Nobody missed the fact that the influence of the Department of Information Systems shrinks a little more each year, and this is not good news. For proof, just observe the evolution of the business intelligence market.
By Sébastien Pancher, Product Architect, Calame Software
Not so long ago, every business unit managed its own processes and its own tools. Data collection, storage, analysis and sharing… All this was primarily desktop-based, each organizing itself the best it could without necessarily looking at what the department beside it was doing. Where was the orgnization’s data? Everywhere. How were these bits and pieces of data organized? Good question… It’s because of that uncertainty that Business Intelligence was born and it promised to usher in a new era, with the watchwords « Performance« , « Urbanization » and « Compliance« . Unfortunately, the story did not go as planned.
– The Big Bang of the ’90s had propelled CIOs to the status of Grand Architects of digital organization. Focusing in his hands most business data, the CIOs mission was to organize it and make it accessible in the most rational way: a single ERP, a single repository and analysis tool, and a single retrieval tool to populate all data services. This data, which functional units previously managed using Excel, would now be supported and manipulated in the central information system. It would therefore be fully up to date and its source totally transparent. Obviously, this industrialization process would have an unfortunate tendency to require functional units to thoroughly review their business processes to make them compatible with the tools, but what they would lose in independence would be largely offset by gains in performance, compliance and security, not to mention the tremendous return on investment that could legitimately be expected from distributing such a small number of tools so widely.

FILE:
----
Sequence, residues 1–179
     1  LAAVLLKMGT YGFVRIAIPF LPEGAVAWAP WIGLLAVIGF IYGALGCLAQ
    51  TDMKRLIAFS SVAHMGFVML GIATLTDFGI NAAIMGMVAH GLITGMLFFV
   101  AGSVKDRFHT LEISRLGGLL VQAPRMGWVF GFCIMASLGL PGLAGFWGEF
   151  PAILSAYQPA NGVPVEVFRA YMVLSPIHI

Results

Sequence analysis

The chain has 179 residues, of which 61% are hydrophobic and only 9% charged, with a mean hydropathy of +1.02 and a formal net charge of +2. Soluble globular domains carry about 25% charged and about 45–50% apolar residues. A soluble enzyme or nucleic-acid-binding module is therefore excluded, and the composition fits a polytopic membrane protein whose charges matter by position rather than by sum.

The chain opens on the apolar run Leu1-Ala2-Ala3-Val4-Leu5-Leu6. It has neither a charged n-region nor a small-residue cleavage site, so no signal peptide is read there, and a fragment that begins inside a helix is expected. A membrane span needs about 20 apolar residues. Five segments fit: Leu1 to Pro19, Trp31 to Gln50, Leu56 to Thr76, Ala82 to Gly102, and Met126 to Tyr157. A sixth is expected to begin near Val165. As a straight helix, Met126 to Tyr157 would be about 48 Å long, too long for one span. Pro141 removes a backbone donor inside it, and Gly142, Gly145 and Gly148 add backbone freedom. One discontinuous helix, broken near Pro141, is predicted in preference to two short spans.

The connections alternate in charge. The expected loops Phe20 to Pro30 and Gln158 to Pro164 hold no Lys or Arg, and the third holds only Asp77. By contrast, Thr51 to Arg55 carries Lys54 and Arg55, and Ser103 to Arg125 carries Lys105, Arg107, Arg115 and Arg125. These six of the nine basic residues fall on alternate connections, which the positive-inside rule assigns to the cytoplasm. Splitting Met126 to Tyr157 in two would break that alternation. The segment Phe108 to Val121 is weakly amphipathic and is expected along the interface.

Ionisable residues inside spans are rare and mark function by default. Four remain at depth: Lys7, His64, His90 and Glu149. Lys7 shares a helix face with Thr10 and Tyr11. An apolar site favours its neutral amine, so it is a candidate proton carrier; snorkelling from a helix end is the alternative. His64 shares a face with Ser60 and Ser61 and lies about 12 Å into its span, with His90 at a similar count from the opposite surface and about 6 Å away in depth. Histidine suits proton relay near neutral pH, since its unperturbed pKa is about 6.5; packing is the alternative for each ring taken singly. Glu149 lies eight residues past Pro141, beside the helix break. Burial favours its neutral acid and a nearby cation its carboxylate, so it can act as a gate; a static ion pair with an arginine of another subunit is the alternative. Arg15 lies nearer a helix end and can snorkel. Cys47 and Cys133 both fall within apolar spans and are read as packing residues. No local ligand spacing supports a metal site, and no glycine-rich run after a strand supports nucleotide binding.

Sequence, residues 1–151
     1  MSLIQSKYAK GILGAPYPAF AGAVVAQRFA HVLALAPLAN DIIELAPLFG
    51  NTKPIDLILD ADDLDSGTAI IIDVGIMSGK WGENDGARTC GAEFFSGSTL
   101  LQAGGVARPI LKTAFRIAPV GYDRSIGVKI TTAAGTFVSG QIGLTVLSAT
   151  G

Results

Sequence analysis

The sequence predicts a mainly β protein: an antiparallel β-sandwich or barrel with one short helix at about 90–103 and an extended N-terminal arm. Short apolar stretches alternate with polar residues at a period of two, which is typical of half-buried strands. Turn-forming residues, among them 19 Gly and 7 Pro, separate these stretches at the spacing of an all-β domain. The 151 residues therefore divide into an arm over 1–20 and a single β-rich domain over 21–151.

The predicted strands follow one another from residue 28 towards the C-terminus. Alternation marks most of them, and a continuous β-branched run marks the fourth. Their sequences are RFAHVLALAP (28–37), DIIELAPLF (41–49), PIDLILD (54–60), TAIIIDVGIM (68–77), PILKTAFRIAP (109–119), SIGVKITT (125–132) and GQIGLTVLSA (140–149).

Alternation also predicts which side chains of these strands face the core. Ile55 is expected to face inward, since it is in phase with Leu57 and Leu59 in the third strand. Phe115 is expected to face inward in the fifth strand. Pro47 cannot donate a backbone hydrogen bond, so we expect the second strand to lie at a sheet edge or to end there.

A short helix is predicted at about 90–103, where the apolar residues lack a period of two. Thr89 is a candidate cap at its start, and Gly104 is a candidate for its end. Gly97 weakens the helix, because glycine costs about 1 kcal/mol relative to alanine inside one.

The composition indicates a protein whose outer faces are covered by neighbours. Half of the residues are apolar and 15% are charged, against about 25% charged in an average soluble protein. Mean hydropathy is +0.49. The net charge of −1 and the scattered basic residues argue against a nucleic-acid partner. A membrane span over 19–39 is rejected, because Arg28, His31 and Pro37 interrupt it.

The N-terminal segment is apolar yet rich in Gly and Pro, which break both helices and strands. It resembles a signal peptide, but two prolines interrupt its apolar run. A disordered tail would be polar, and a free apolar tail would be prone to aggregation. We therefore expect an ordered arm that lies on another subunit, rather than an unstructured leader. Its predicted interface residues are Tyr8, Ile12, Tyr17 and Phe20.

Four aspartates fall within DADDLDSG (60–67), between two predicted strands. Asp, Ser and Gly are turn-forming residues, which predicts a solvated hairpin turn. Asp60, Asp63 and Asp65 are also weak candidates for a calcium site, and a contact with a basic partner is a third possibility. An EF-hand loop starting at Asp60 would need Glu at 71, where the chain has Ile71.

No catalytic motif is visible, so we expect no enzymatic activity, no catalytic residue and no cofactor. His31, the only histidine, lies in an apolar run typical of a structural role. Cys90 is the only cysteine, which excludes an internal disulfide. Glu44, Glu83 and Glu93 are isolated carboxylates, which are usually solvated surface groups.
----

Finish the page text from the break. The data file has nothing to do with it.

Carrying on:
– These hopes did not last long. It only took a few years for the initial enthusiasm to cool: while many BI « Group » projects failed, the 2000s saw the emergence of « Fast BI » solutions. Easy to learn, inexpensive, they allowed the functional units to regain the independence they had lost. However, the CIO remained essential to integrate these new products into the organization’s infrastructure.
– … Before its scope being reduced again: in a few years the SaaS or Cloud solutions are widespread, allowing any user to access an application, without any technical constraints. Therefore, each department could again produce and manage their own data without any constraint, and the CIO had hardly any leverage to act. Stripped of his powers, surrounded by users who spend his services, he must now fight each steering committee to keep its budget and its ability to act.
And, it is precisely now that the CIO is most needed. Although functional units perceive this total freedom as progress, in reality the situation has returned to a pre-BI stage: every department does what it wants without caring much about what others are doing. How do you ensure data consistency and integrity in the organization when every unit and can create its own repository? The problem is now more stark than ever, and only the CIO has the broad vision of all these flows, only he can create urban systems, and thus ensure the sustainability of the assets that represent the organization’s data. Yet it needs tools, conceptual and technical, to capture the inherited wealth of business projects.